community. Many families have been in the area are 5 and 6 generations. Old family names include Bedell, Hendrix, Rycraft, Slates, Vernon, and Wilcox. The Alsea CRU includes lands owned by BLM, U.S. Forest Service, Starker Forests, Weyerhaeuser (taken over from Willamette Industries), and Georgia Pacific. Figure 41 shows a photo of downtown Alsea.
There are many social and family ties between Philomath and Alsea.
As the local economy in Alsea declined, workers began commuting to Philomath and Corvallis, and commuting is now the dominant economic pattern.
"The road [between Alsea and Philomath] is fine and most people don't mind it. There's just that one stretch of curves and then it's OK."
"I used to commute but there weren't too many of us. Now, everyone is commuting."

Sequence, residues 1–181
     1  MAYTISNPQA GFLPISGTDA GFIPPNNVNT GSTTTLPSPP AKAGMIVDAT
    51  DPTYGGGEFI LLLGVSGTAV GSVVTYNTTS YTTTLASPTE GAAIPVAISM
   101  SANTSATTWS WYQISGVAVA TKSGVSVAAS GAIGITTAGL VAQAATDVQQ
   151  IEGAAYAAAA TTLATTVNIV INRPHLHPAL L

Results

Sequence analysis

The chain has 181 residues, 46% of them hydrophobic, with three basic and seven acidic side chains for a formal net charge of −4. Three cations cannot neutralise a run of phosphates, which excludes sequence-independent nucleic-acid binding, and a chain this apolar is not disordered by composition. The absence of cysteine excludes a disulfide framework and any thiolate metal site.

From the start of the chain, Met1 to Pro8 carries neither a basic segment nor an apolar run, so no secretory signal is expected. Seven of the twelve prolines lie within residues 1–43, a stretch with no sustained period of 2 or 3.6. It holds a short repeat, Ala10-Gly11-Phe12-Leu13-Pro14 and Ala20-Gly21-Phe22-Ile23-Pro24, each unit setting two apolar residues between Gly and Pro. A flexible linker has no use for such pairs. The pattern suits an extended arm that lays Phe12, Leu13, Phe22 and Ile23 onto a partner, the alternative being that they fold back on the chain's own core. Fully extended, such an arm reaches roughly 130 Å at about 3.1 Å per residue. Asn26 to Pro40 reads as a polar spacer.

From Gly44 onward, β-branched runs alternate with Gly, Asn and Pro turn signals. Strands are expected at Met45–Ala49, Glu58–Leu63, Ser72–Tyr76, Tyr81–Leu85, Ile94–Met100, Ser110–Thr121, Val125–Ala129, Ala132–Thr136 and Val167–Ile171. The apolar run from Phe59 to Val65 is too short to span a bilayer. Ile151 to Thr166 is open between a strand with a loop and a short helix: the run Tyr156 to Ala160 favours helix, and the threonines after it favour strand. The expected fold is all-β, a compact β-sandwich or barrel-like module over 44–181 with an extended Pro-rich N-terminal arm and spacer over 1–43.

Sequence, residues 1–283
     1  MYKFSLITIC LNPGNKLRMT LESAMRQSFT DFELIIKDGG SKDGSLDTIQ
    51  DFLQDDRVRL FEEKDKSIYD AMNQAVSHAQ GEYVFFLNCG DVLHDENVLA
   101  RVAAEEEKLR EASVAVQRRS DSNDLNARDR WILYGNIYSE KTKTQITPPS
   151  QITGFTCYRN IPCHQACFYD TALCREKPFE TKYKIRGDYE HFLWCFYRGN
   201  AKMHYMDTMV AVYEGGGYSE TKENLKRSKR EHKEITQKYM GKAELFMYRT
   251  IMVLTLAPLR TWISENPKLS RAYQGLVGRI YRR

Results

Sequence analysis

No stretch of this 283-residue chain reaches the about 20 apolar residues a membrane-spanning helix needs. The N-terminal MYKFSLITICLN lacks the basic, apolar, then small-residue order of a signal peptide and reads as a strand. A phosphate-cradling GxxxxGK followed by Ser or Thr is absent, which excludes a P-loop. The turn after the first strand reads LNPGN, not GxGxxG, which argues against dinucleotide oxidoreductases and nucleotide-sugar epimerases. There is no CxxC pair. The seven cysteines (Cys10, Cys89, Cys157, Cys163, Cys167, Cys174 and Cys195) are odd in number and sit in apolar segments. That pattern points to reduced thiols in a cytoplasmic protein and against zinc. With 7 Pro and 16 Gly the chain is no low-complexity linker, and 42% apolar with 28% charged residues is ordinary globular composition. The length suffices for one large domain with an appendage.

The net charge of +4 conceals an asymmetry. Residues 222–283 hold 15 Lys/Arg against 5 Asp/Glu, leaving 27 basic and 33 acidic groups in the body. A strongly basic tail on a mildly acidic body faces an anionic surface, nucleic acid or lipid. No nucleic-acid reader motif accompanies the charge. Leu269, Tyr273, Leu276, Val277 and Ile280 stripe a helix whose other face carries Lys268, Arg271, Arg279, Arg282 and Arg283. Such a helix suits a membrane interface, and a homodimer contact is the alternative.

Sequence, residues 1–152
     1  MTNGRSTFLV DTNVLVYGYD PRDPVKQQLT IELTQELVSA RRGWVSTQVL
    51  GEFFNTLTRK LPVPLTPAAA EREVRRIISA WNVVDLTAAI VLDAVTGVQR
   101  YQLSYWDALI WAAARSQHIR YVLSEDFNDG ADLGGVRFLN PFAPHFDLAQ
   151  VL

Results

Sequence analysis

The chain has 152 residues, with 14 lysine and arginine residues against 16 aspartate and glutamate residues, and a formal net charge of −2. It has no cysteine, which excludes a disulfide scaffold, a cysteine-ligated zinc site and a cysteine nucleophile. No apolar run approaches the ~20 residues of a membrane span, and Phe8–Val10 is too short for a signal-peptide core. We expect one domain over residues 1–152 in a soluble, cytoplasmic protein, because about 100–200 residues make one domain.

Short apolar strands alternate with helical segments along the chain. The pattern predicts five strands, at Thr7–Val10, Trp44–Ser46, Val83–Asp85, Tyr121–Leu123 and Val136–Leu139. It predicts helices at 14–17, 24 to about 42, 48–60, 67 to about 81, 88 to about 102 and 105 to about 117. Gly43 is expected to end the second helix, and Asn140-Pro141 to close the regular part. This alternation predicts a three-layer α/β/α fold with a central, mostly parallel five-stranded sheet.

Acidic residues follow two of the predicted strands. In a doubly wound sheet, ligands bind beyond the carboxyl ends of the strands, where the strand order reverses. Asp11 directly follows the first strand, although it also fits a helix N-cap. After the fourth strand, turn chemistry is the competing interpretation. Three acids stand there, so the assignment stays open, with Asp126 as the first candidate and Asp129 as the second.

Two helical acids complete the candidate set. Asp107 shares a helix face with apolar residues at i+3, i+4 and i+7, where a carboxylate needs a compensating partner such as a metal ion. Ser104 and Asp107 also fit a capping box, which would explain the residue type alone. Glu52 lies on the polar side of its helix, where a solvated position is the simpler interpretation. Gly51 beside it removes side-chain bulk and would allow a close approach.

"We are a bedroom community to Corvallis."
As in other parts of the region, newcomers are making themselves felt in Alsea, but their presence is very much reduced compared to other towns.
"Newcomers are retired people. They cycle out in ten years as they get older. There's nothing to connect them with others. They bring their hobbies with them."
"In 1980, the population was 1700. Now I'd guess it's 2000, so what we've lost in big families, we now have commuters."
"There are 1500-1600 people here."
The major publics of Alsea are long-time families, timber and forest workers, commuters, home-based business people, and young families.
See Section Two.
When the Forest Service had its office in Alsea, it was the town's major employer. Since its closure, the school has become the primary employer. The mills closed but there is still some logging activity on private lands. With the mills closing, residents have started going farther to work. Commuting has become the norm.